Although deep neural networks (DNNs) have achieved great success in many computer vision tasks, recent studies have shown they are vulnerable to adversarial examples. Such examples, typically generated by adding small but purposeful distortions, can frequently fool DNN models. Previous studies to defend against adversarial examples mostly focused on refining the DNN models. They have either shown limited success or suffer from expensive computation. We propose a new strategy, feature squeezing, that can be used to harden DNN models by detecting adversarial examples. Feature squeezing reduces the search space available to an adversary by coalescing samples that correspond to many different feature vectors in the original space into a single sample.
By comparing a DNN model’s prediction on the original input with that on the squeezed input, feature squeezing detects adversarial examples with high accuracy and few false positives. If the original and squeezed examples produce substantially different outputs from the model, the input is likely to be adversarial. By measuring the disagreement among predictions and selecting a threshold value, our system outputs the correct prediction for legitimate examples and rejects adversarial inputs.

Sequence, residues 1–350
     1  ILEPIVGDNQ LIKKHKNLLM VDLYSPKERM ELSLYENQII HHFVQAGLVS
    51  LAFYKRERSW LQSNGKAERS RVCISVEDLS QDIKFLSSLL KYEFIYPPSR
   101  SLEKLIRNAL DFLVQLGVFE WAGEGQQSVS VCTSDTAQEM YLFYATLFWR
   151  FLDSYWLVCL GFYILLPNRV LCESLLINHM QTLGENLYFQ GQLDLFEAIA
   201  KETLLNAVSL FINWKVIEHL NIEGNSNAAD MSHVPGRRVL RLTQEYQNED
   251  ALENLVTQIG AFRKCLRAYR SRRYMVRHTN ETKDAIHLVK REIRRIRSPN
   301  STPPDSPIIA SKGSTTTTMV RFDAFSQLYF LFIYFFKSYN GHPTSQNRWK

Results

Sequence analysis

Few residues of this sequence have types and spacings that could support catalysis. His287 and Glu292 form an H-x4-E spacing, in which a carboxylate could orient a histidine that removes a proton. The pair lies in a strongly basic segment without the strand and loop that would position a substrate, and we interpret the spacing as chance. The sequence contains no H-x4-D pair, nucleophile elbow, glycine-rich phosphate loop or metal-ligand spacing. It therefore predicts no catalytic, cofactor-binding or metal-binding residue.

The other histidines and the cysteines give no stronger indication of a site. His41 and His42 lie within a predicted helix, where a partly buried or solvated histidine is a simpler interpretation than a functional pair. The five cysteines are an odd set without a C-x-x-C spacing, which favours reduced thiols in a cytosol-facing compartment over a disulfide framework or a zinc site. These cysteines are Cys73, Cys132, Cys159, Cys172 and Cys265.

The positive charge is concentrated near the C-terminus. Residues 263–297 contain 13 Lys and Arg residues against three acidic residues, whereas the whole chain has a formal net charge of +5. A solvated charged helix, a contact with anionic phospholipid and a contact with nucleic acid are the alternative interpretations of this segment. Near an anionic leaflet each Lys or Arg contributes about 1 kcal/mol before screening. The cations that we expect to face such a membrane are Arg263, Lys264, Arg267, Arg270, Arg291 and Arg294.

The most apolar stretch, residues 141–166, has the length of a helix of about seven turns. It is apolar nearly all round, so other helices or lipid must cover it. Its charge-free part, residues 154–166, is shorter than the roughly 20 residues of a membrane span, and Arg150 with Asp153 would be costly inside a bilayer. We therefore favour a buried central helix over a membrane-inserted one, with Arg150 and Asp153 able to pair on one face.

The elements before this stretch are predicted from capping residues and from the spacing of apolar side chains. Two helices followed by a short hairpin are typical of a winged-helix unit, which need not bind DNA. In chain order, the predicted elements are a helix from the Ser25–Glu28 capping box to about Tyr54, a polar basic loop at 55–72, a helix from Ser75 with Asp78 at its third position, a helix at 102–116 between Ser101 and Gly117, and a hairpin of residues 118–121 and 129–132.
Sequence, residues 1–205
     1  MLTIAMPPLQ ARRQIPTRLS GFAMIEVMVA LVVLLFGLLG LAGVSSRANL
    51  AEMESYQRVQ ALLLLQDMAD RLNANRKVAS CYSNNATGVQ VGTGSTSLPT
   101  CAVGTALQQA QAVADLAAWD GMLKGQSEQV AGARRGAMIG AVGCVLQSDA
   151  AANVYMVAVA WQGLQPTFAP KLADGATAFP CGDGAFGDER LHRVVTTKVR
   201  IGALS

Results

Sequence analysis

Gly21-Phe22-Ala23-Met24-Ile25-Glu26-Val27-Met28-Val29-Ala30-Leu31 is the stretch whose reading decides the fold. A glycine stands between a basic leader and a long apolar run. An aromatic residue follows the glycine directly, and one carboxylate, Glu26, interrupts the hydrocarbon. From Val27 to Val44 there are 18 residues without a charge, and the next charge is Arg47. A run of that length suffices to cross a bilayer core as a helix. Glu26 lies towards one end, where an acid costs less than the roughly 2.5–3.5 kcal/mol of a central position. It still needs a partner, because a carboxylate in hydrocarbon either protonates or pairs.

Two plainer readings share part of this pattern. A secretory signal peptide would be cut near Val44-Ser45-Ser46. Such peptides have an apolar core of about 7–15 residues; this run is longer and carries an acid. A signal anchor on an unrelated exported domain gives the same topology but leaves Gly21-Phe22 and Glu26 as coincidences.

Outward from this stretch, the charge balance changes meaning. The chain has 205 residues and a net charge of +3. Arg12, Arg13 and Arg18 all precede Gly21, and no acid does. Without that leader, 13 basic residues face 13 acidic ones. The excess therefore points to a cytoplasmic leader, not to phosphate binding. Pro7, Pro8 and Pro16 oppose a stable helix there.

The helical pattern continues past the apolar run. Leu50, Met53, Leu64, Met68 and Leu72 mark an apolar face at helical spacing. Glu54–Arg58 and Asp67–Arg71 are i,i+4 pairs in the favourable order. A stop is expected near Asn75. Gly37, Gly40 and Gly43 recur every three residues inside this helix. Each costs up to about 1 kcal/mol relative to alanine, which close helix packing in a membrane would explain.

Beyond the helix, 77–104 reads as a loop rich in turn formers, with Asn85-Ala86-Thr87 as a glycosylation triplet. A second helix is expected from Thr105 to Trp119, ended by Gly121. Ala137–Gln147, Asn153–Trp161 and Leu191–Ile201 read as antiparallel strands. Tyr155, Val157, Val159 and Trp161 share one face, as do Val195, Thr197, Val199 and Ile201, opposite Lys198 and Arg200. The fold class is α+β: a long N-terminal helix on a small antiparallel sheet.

So far, we have explored two instances of feature squeezing: reducing the color bit depth of each pixel and smoothing using a spatial filter. These strategies are straightforward, inexpensive, and complementary to defensive methods that operate on the underlying model, such as adversarial training.
The figure shows the histogram of the L1 scores on the MNIST dataset between the original and squeezed sample, for 1000 non-adversarial examples as well as 1000 adversarial examples generated using both the Fast Gradient Sign Method and the Jacobian-based Saliency Map Approach. Over the full MNIST testing set, the detection accuracy is 99.74% (only 22 out of 5000 fast positives).
For more information, see the paper:
Weilin Xu, David Evans, Yanjun Qi. Feature Squeezing: Detecting Adversarial Examples in Deep Neural Networks. arXiv preprint, 4 April 2017. [PDF]
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